Anyway, I would love to know what it may be worth and how to get another one. Your site has been the only other online resource, other than the Chicago Historical Society, that I have come across to know of these tokens. Any help or information you could offer would be fantastic. Many thanks.

Chicago Historical Society Haymarket token obverse closeup

If anyone knows of or has one for sale, please contact Seth. But does the "12a" marking look familiar to anyone? Certain museums and collectors would apply inventory/identification numbers to coins in their collections. Is that what this is, or is it just a coincidence that these marks look like that? -Editor

To visit the Chicago Historical Society database entry, see: Souvenir token of the Haymarket Square Riot. -- Front view (

To read the earlier E-Sylum article, see: BOMB BLAST NUMISMATIC SOUVENIRS (


Everything you need for your currency collection. Click here for free shipping over $50.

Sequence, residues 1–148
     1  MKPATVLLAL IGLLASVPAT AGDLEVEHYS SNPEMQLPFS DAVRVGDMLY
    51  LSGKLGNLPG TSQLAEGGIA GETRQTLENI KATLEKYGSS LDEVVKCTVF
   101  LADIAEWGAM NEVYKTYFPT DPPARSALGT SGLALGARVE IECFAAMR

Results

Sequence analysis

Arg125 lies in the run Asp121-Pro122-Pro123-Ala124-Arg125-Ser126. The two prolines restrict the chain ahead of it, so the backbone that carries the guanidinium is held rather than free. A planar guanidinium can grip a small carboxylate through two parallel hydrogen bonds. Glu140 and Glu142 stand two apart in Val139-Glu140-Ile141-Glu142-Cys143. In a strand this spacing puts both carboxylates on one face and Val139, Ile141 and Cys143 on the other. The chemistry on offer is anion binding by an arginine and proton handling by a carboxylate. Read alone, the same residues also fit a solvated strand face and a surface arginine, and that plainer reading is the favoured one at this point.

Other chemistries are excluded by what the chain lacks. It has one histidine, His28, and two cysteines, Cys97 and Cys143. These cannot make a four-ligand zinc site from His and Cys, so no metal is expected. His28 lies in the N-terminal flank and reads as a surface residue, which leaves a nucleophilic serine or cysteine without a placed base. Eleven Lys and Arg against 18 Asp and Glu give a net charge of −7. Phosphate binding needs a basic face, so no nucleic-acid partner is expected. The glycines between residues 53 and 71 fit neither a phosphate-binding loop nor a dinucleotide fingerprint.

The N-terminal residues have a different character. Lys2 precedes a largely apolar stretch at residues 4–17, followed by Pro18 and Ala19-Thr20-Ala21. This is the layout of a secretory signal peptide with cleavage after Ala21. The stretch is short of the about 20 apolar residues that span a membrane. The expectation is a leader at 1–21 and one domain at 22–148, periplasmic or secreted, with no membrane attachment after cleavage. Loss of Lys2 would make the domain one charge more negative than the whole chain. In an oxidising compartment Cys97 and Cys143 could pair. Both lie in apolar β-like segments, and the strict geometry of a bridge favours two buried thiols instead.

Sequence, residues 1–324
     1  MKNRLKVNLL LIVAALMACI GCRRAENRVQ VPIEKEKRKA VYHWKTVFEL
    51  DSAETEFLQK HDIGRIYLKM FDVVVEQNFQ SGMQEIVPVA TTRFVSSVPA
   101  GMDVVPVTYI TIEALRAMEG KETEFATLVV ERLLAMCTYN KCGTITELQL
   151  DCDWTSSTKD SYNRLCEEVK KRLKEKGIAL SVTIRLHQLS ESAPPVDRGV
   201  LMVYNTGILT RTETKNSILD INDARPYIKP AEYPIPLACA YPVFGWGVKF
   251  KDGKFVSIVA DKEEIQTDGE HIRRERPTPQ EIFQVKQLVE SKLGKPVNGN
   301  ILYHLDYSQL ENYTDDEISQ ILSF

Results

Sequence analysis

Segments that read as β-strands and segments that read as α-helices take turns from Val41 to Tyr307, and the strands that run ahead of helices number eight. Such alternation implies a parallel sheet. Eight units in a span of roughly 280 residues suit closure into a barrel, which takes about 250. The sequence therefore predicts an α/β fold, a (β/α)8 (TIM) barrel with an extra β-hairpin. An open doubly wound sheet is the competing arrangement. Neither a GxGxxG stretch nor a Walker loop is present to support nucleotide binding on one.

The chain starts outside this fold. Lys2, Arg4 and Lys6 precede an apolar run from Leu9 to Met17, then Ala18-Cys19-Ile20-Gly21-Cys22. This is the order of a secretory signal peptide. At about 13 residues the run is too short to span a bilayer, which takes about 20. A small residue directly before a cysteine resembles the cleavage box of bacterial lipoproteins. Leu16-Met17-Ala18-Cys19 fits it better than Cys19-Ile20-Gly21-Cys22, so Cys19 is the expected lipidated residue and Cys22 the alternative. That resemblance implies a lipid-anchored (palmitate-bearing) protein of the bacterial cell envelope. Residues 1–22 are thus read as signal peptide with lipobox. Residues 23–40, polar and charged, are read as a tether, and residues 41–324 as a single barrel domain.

Speaking of eBay, the online auction site is still blocking the sale of legal-to-own Cuban coins and banknotes. In the July 2013 issue of the Cuban Numismatic Association Newsletter, editor Frank Putrow provides an updated, republished below. For more information on the CNA, see: . -Editor

The eBay fiasco began on April 9, 2013. Word began trickling in that eBay was rejecting listing of certain Cuban collectibles. Surely, it had to be a mistake. Maybe eBay was enforcing the vulnerable point of the Cuban Embargo? Maybe the intent was to discourage sellers from listing coins, currency, and unused stamps minted under Fidel Castro’s rule (identified as the Second Republic in Numismatic terms)? WHY? Why would eBay introduce changes in their own guidelines after 10 years? There had to be a logical answer to this policy change!